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Russia-Turkey: the value of Syria, prerequisites of the conflict and balance of forces

Things at the Turkish “front” are clear: the downing of the Su-24 was a pre-planned action and Russia is not going to keep this secret. Nor is it going to be silent about Turkey’s ties with the Syrian Jihadists. As far as the Turks are concerned, they do not seem to be ready for any compromises.

Russia’s reaction was a surprise to them as was the lack of support from their NATO allies. But they in Turkey could hardly be unaware that they took a very big risk when they downed a plane belonging to a nuclear power. What might push them to do that?

The problem is that for the Turks Syria is more than just a neighbor or a part of their former empire. With Syria, Turkey is always an empire, without it, it ceases to be one.

Syria has always been the gates into the Middle East. Since the Bronze Age, it has been a military and trade crossroads. Today, it is a hub for existing and projected pipelines. Syria is to be present in any sustainable “imperial” project in the Middle East (be it Turkish, Saudi or Iranian). This is mere geography.

For Turkey, it is part of the former “Turkish world” and a tangle of old conflicts. Turks first appeared in Syria in XI as a ruling military caste. There, you can find the tomb of Suleyman Shah, the grandfather of the founder of the Ottoman Empire Osman I. Since the signing of the Treaty of Lausanne in 1923, that place has been a mini enclave controlled by Turkish troops.

The conquest of Syria turned Osman I into the leader of the Sunni world. In 1516, Selim I routed Egyptian Mamluks near Aleppo and was proclaimed a guardian of Mecca and Medina (the two holy Muslim cities). That was enough for him to become the leader of all Muslims, especially as he also controlled Damascus, the capital of the Umayyad Caliphate.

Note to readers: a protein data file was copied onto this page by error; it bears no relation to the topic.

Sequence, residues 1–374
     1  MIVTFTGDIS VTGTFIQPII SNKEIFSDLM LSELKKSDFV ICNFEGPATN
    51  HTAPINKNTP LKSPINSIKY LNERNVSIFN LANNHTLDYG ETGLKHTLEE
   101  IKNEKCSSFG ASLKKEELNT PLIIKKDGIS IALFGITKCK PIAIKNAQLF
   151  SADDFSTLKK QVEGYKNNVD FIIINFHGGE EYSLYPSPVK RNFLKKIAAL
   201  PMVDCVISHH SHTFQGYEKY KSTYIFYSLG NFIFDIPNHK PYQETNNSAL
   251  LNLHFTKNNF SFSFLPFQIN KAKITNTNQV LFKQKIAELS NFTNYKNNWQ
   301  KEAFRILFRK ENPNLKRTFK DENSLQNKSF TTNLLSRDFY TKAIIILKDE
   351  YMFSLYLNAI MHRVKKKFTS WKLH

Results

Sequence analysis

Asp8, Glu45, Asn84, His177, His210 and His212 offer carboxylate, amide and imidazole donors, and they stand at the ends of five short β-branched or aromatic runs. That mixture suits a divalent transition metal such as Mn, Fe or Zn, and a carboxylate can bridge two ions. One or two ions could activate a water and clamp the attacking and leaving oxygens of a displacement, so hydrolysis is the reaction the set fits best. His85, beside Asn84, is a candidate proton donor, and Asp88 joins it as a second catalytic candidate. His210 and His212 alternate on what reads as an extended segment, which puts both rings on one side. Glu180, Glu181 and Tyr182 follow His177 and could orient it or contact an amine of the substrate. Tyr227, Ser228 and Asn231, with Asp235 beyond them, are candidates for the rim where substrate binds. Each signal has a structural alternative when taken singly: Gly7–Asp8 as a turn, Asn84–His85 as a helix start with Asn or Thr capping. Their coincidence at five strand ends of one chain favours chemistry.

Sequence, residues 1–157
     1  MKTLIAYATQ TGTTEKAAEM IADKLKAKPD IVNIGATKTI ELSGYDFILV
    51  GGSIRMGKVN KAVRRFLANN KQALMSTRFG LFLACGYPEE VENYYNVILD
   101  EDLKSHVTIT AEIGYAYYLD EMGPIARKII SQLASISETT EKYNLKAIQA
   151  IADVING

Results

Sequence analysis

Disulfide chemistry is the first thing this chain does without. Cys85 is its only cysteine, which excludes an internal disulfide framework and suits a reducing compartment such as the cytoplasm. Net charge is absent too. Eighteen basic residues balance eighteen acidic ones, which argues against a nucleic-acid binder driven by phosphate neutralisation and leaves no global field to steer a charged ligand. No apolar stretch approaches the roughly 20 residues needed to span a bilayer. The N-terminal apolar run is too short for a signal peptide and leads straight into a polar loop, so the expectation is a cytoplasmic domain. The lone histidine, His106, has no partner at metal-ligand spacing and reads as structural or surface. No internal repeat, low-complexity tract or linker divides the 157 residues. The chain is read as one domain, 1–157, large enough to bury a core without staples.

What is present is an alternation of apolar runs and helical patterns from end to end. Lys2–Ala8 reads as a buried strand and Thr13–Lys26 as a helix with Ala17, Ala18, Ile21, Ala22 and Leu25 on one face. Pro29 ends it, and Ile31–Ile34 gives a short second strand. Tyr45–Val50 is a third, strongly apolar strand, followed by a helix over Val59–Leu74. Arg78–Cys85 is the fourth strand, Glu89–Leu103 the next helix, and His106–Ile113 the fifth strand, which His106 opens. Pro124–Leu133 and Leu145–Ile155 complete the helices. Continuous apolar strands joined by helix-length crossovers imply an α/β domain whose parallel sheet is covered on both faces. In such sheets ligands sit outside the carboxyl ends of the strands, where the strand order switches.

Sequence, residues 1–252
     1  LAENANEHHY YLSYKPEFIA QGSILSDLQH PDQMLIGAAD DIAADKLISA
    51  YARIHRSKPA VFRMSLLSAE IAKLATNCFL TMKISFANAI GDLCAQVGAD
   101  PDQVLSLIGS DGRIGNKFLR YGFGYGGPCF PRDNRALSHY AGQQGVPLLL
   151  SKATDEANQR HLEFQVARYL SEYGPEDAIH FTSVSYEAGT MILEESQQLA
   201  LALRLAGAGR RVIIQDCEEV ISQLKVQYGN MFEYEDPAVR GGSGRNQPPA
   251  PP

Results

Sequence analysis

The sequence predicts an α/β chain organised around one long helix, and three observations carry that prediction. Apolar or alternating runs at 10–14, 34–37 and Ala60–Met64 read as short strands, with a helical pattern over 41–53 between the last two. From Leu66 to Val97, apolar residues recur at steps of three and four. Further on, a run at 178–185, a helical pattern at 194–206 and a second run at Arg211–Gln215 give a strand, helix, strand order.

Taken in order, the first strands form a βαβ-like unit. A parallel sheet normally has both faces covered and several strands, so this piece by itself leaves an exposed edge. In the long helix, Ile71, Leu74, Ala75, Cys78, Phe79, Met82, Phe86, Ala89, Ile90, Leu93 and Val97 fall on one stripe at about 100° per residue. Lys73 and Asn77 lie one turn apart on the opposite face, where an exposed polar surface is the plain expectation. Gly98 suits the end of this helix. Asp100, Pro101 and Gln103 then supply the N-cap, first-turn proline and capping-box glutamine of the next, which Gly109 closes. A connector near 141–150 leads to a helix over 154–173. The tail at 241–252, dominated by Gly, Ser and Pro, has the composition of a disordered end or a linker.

Till the second half of XIX, Syria was very loyal to the Ottomans. Aleppo was the third biggest city of the Ottoman Empire and its commercial center, while commerce (particularly, the Levantine one with active presence of French) was one of foundations of the Ottoman might and the driver that defined future ways of expansion.

The rise of Turkish and Arab nationalism and the collapse of the Ottoman Empire turned Syria into a knot of insolvable conflicts. The new “colonial” borders torn apart traditional territorial and ethnic communities. For example, mono-ethnic Arab region of al-Jazirah (now the hotbed of ISIL) was divided among Iraq, Syria and Turkey. The same is true for Kurdistan.

But the bone of discord at that moment was Levant, a mono-economic but multi-ethnic and multi-religious region. Initially, its historical province, Hatay, was part of the French Mandate for Syria and Lebanon. The Turks refused to lose their “historical” lands and annexed the province in 1939. Until 2005, Hatay was a disputed territory, with Alawites still having a significant community in that mostly Turkish region.

A total of 800,000-2,000,000 Arabs may live in Turkey’s borderline provinces (Hatay, Urfa, Mardin), while the north of Syria is home to almost 100,000 Turkomans (who are ethnically very close to Anatolian Turks).

After WWII, Turkey and post-French Syria found themselves on the opposite sides of geopolitical barricades: Turkey was NATO’s eastern outpost and Israel’s ally, while Syria was oriented towards the Soviet Union. As a result, mutual enmity was growing; the Kurdish problem and water issue were aggravating factors. 

In 1974, Turkey started to build a Keban Dam on the Euphrates, a facility controlling water supplies in all of the northeast Syria (including al-Jazirah). The Turks were going to build a total of 22 dams and 19 water power plants there. For them, that project was expected to be a source of cheap electricity, for the Syrians and the Iraqis it was meant to be a source of huge problems. In 1981, the Turks started to build Karakaya, in 1990, they finished the biggest dam, Ataturk. As a result, the flow of the Euphrates on the Turkish-Syrian border dropped from 20,000,000 c m to 16,000,000 c m a year. The same year, the Turks displayed the strength of their water weapon by draining the river from the border to Lake Assad. In 2006-2010, they used it again to put the fertile northeast of Syria on the verge of hunger.